Kodak's sale of its digital rights management patent portfolio could help its U.S. operations emerge from Chapter 11 protection. Any investment decisions should consider Kodak's ability to support and advance its technology.
On 19 December 2012, news sources reported that Eastman Kodak has completed a series of agreements to sell licensing rights to a portion of its digital imaging patent portfolio to 12 intellectual-property licensees organized by Intellectual Ventures and RPX, and another portion solely to Intellectual Ventures. The licensees will include Adobe Systems, Amazon, Apple, Facebook, FujiFilm Holdings, Google, HTC, Huawei Technologies, Microsoft, Research In Motion, Samsung and Shutterfly. Intellectual Ventures will split the payment with the licensees, and Kodak will receive $525 million. Kodak said that Court approval could occur on 11 January 2013; if it does, the sale could close within about 45 days from approval.
The sale is part of the conditions Kodak must meet to obtain financing that will help its U.S. operations to emerge from Chapter 11 protection from creditors. (Kodak’s subsidiaries in other countries never sought similar protection.) What is important now is whether one of the world's iconic brands has the resources to recover and whether enterprises' investments in Kodak equipment will be protected.
Assuming the court approves the patent portfolio sale and other arrangements necessary for it to emerge from Chapter 11, Kodak still has significant strengths:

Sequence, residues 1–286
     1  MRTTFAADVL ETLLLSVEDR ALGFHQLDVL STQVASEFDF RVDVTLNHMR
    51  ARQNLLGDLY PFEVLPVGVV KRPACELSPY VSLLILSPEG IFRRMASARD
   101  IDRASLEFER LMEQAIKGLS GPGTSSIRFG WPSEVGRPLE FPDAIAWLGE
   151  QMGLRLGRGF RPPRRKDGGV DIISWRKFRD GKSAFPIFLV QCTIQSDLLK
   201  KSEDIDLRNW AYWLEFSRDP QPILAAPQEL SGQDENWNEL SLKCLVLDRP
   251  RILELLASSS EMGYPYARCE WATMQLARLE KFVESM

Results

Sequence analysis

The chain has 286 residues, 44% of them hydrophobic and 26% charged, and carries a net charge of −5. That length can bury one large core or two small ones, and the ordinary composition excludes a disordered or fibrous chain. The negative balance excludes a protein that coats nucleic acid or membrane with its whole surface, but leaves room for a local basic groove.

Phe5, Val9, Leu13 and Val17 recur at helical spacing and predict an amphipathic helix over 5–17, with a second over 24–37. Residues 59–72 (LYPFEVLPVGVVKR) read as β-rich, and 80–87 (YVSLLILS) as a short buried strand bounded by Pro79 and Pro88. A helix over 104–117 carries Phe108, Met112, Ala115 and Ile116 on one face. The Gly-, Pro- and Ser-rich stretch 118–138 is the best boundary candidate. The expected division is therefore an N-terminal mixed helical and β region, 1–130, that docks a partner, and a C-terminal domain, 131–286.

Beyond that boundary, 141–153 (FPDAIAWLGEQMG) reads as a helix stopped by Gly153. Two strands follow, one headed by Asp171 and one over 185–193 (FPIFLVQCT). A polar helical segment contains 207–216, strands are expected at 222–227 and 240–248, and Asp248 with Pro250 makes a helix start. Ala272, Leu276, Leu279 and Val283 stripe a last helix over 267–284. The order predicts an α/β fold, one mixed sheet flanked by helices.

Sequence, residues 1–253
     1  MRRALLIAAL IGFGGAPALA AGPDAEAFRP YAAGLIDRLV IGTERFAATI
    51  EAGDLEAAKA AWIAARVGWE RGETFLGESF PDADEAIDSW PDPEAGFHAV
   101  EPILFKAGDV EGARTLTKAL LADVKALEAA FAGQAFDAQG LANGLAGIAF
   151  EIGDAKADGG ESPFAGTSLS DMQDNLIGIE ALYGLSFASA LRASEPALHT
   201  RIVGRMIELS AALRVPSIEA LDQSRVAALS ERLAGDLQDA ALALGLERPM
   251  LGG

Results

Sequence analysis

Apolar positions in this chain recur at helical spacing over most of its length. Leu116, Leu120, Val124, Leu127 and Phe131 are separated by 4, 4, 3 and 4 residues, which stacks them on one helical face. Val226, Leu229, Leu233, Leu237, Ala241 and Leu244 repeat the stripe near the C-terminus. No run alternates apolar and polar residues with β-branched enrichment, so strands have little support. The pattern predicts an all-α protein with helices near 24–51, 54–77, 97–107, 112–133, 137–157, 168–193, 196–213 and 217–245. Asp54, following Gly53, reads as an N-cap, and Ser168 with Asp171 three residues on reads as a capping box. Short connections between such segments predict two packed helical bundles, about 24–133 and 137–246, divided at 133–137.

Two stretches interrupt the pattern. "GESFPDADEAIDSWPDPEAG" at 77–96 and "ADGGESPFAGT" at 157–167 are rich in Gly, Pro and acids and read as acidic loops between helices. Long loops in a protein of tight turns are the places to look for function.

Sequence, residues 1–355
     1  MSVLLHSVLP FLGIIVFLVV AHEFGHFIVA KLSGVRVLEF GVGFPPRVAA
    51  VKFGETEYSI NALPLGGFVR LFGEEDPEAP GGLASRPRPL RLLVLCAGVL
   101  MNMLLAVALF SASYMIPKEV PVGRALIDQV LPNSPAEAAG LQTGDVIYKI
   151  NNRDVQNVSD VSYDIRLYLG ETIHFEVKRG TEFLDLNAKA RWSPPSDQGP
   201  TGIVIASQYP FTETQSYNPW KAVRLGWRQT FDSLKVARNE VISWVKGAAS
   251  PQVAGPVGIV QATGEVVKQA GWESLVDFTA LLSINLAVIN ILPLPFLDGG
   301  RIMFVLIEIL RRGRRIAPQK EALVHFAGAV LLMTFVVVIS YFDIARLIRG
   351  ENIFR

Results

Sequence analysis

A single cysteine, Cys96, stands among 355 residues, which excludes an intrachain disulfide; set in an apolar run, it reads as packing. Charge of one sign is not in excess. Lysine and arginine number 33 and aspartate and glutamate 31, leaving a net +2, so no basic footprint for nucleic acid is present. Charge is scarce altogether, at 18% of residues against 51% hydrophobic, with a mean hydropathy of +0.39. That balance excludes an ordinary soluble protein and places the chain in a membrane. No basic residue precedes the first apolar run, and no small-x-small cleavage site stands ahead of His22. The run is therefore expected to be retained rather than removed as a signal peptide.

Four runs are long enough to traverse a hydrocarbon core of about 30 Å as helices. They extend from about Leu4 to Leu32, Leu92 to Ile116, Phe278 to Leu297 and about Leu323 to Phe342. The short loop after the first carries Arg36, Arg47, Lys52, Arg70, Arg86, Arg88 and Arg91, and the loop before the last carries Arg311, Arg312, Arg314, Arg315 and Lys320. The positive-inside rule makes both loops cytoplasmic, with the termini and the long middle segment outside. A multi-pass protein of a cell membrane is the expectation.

Chapter 11 will restructure and reduce its debt and employee pension fund liability.
Significant material-science, imaging and deposition intellectual property and associated R&D capabilities will drive product development.
Digital-printing hardware and software will drive revenue as they continue to take market share from analog (including offset, flexographic and screen) print technologies while opening up new markets (for example, printed electronics, display technology and solar).
Kodak also plans to sell its document-imaging business (including scanning hardware, software and services) and its personalized-imaging business (consumer film, paper, kiosks, and event or souvenir imaging), but will retain its commercial film business (which serves the motion picture industry). If the sales occur, the reinvented Kodak will open with revenue of nearly $3 billion. Kodak plans to become a business-to-business company, focusing on what CEO Antonio Perez calls "functional print," such as printed electronics that are embedded in packaging paper or film, display and solar technologies, and other markets.
Kodak will still have solid lines of business and some promising technologies, but we are unable to say with certainty that the company will make the continued R&D and product development investments that buyers of digital presses costing into the millions of dollars expect to see over their five-year-or-longer life cycle. Further, Kodak is not the sole innovator in these markets. Canon, HP, Ricoh, Xerox and other competitors have significant and diverse investments in digital printing, functional printing and other deposition applications. Some of their products directly compete with Kodak’s digital presses and already have a sizeable installed base.
Watch for indications that Kodak is emerging from Chapter 11, as the company will have significant technology and product resources if it does so.
Evaluate major digital press purchases based not only on print quality and ROI, but also on whether Kodak will be able to support and continually update its imaging technology.
When purchasing Kodak products for mission-critical uses, employ strong contract language to protect your investments.
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